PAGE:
Many farmers are now looking to better understand their soil health – and a newly launched practical guide to assessing soil carbon could be a good place to start.

Produced by Duchy College, Plymouth University, Rothamsted Research and the Farm Carbon Toolkit, the online guide lists and answers key questions for on-farm monitoring of soil carbon and associated indicators of soil health.

Carbon sequestration plays a key part in climate change mitigation, but soil carbon’s importance goes beyond sequestering as much as possible, explained Rothamsted research scientist Andy Neal: “What’s much more important are the co-benefits of getting organic matter into soil – organic matter affects how much water and nutrients the soil can store, and can limit the carbon footprint."

Read more: Soil variations could undermine carbon scheme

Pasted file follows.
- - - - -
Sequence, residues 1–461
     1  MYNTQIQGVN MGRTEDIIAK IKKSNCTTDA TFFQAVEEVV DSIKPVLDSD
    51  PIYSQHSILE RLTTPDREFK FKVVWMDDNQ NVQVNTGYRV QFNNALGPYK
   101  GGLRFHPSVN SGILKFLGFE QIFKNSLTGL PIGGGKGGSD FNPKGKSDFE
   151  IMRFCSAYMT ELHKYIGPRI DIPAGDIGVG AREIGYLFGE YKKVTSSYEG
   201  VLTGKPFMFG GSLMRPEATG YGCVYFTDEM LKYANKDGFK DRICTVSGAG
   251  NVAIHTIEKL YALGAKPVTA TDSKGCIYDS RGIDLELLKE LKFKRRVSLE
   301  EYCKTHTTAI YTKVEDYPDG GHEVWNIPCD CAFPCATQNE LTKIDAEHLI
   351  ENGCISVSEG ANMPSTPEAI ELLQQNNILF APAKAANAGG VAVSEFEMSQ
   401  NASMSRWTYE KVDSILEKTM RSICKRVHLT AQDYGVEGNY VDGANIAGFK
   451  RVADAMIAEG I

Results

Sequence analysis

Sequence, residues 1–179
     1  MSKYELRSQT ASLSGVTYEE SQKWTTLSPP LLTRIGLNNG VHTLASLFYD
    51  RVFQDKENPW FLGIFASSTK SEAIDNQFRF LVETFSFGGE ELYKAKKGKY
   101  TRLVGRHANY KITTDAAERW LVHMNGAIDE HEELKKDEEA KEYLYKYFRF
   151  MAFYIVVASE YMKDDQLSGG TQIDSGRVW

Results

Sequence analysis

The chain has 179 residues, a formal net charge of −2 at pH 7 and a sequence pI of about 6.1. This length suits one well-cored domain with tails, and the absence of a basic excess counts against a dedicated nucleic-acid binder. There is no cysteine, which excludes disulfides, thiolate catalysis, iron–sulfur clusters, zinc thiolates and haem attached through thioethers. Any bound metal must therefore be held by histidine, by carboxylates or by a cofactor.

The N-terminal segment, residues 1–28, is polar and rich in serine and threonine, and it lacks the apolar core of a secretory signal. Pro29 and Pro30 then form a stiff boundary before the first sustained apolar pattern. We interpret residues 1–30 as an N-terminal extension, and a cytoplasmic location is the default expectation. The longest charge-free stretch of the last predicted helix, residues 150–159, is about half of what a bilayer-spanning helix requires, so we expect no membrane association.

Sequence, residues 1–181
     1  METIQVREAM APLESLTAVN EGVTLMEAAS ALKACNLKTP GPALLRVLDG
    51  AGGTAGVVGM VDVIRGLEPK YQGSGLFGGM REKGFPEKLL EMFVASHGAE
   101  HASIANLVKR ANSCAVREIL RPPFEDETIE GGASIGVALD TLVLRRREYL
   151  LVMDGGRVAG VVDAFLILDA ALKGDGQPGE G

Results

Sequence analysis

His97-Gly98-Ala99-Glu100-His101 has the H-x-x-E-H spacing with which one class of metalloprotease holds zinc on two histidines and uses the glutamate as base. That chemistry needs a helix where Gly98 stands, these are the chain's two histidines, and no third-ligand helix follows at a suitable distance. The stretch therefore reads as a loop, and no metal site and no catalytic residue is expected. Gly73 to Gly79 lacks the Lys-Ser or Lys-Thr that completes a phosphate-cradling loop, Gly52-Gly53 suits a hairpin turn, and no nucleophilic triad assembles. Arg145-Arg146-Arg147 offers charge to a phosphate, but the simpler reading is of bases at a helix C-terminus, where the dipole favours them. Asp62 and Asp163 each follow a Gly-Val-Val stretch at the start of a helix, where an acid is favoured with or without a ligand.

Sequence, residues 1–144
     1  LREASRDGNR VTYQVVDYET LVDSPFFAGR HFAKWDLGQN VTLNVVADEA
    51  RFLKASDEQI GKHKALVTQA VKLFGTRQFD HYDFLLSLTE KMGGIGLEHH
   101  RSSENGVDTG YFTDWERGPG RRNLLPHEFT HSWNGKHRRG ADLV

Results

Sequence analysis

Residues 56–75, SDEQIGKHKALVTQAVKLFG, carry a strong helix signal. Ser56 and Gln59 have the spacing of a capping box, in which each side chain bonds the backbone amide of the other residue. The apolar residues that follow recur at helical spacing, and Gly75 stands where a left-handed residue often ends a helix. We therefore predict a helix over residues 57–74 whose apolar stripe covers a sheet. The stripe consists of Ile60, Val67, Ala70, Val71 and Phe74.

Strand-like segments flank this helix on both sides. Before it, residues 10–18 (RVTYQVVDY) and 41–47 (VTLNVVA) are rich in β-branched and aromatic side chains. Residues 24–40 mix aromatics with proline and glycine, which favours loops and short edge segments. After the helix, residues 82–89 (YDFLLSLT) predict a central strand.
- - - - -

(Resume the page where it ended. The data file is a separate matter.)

The guide includes tips on the timing of soil sampling – the important thing is to avoid sampling after cultivation, particularly if the ground has been ploughed. Fields should be left to settle after cultivation for at least three months.

Farmers should also sample at the same time each year because seasonality can affect results

When it comes to sample location, it’s best to select fields which represent the variation across the farm, including differences in soil texture, cropping and management. The guide recommends at least five sample points although 15 is preferable. Samples can be aggregated but only on a field or zone basis and they must be well mixed before bagging.

In terms of equipment, a soil auger is the best implement for the job – but digging a hole and removing soil by hand is fine. Clean buckets and sandwich bags are also necessary for collecting the samples.

Farmers should send the samples off as soon as possible, although up to two weeks’ delay is acceptable if they are refrigerated – as this slows the organic matter breakdown.

• The practical guide is now available on the Farm Carbon Toolkit website: Launch of Guide on Monitoring Soil Carbon - Farm Carbon Toolkit